Emotional Support Animals: Why ESA Pets Are Important

Emotional Support Animals: Why ESA Pets Are Important

Service dogs. We’ve all seen them on the other side of the street, waiting patiently at a stop sign, alert and ever vigilant. They’ve trained their whole lives for their very important job, and we all know we’re not supposed to pet them (which, let’s be honest, is basically torture, because DOGS. SERVICE DOGS.) So instead we must contain ourselves, and press onward. Service animals are reserved for animals with special training, but did you know that cats can be another type of therapy animal called emotional support animals?  GUYS. IT’S TRUE. And I’m here to tell ya ‘bout it.

DON’T Fake It ‘Til Ya Make It

Before we get into the process of how to register your cat to be an ESA, let’s start off by addressing a primary concern here – faking it. Guys, PLEASE do not register your pet as a fake service animal. It’s alarmingly easy to do so, with quite a few websites out there offering fake service animal registrations for a flat (and cheap) fee. Don’t do this. Not only is it against the law, but it’s generally a Not Very Cool thing to do, as what you’re doing is basically impersonating a disabled individual (not chill). On top of that, it subversively contradicts the needs of people who genuinely need them (also not chill). Don’t be “that guy”. Now that that’s out of the way, are you genuinely wondering what kind of conditions a service cat could make more manageable and want to know if you qualify for such a thing? Don’t worry, ya girl is here to help you through it.

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Emotional Support Animals To The Rescue

Unlike service animals who are trained to assist people with physical disabilities, animals such as dogs, cats, ferrets, rabbits, birds, and even monkeys (yes! Monkeys! Right?) can be registered as emotional support animals. These animals can help people who are suffering from anxiety, depression, bipolar disorder, learning disabilities, and PTSD. Even our late space mom, Carrie Fisher (R.I.P), had a beloved emotional support dog, Gary, who was recently featured in this Vanity Fair article. Heck yeah, Gary! Bless.

If you or someone you know suffers from these conditions and would benefit from an ESA, the next step is to verify that the person in question is in need of one. To do this, you will need to procure a letter from a certified mental health professional (psychiatrist, therapist, etc.), written with his or her letterhead, license type, date of a license, license number, and the state which issued said license. This letter must affirm that the person is indeed in need of an ESA, and/or is a current patient who is seeking and in need of treatment.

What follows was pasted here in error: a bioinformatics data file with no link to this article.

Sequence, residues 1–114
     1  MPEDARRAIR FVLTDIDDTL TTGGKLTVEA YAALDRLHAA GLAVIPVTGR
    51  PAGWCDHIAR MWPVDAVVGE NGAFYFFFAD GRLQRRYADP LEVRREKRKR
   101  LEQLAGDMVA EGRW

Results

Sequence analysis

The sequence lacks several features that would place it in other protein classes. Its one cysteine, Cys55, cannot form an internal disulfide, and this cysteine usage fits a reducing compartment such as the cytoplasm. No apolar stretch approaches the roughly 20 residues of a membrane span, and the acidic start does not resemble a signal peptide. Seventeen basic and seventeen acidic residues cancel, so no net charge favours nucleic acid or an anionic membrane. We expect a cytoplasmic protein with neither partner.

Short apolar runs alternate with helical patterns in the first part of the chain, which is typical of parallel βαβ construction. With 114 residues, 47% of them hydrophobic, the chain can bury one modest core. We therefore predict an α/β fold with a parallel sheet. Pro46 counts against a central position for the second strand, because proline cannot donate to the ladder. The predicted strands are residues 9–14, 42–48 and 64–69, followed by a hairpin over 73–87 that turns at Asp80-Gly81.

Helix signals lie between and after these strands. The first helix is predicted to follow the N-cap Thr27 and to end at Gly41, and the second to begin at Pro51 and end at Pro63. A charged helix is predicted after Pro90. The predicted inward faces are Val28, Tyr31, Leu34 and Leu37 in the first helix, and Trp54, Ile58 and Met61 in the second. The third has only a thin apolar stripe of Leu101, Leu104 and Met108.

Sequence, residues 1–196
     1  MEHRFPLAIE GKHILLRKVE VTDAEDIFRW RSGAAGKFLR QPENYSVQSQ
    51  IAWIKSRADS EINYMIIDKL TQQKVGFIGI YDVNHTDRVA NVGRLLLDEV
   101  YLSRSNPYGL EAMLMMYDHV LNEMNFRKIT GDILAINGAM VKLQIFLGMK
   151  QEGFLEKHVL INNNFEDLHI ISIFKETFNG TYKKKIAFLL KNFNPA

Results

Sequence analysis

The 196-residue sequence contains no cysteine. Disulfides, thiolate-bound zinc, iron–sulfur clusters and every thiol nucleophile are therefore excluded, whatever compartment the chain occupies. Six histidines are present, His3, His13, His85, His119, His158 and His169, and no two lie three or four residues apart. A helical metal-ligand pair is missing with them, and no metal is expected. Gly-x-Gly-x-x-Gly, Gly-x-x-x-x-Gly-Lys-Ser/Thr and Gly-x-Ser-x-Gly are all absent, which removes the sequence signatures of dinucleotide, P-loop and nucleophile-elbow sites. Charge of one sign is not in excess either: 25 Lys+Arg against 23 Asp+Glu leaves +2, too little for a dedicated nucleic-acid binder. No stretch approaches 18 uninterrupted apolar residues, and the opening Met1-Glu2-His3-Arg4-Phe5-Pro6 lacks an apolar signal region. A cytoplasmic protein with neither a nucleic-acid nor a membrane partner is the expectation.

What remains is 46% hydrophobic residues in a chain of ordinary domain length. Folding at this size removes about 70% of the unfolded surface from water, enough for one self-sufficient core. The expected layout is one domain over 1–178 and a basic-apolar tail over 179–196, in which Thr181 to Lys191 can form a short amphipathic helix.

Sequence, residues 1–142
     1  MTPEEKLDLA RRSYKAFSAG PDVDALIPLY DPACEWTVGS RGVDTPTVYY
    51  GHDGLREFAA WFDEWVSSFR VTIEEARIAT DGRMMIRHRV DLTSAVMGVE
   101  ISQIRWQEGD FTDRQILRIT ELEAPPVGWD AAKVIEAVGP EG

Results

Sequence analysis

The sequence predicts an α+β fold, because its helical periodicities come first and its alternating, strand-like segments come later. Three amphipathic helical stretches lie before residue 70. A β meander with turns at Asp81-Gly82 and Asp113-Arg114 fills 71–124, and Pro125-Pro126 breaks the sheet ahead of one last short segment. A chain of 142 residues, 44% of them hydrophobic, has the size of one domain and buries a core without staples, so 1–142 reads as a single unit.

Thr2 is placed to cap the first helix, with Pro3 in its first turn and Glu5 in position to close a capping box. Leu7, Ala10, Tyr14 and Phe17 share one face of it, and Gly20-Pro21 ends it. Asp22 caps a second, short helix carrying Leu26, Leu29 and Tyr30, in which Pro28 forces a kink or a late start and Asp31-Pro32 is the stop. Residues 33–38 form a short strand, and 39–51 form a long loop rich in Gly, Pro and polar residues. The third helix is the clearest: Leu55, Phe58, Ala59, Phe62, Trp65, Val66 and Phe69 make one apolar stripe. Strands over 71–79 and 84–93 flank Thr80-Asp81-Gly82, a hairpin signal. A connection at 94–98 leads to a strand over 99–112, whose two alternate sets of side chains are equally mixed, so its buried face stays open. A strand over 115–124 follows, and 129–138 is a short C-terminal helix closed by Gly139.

Training And Benefits Of Emotional Support Animals

Unlike service dogs (and miniature horses. That’s right, mini horses can be trained as service animals!) who go through extensive training to help their owners with physical disabilities, ESAs need only but exist to help in their emotional support duties. They literally just… you know. Do their thing, by bein’ themselves. How like a cat, amirite?

Now that you know how to register your cat as a service animal, allow me to fill you in on the benefits! As a service animal, your cat cannot be denied permission to live with you* and can ride in aircraft cabins. Of course, the animal in question, though he or she need not go through any “official” training, must be generally well-relaxed and easygoing. Unfortunately, a cat who is especially squirrely, feisty, or otherwise unaccustomed to humans other than their owner may not fare well in public places.

For this reason, you must make sure that the animal you’re looking to register is up to the task. Additionally, it’s a good idea to keep your registration paperwork on your person at all times (some establishments may ask for it, so it’s a good idea, in general, to have it on ya just in case), ESAs do not require a vest – though it is helpful, not to mention CUTE! Other than that, you are free to enjoy the benefits of having your sweet kitty registered as an Official ESA!

UPDATE *An earlier version of this article stated that Emotional Support Animals permitted in public places.  This is not true.  The article has been updated to reflect that change.

One Comment

  1. It’s good to know that you need to get a letter from a mental health professional about how you need to have an emotional support service dog. Recently, I’ve been extremely anxious, and I’ve been going to a psychologist for it even. I’ll have to see about getting an emotional support service dog to help me.

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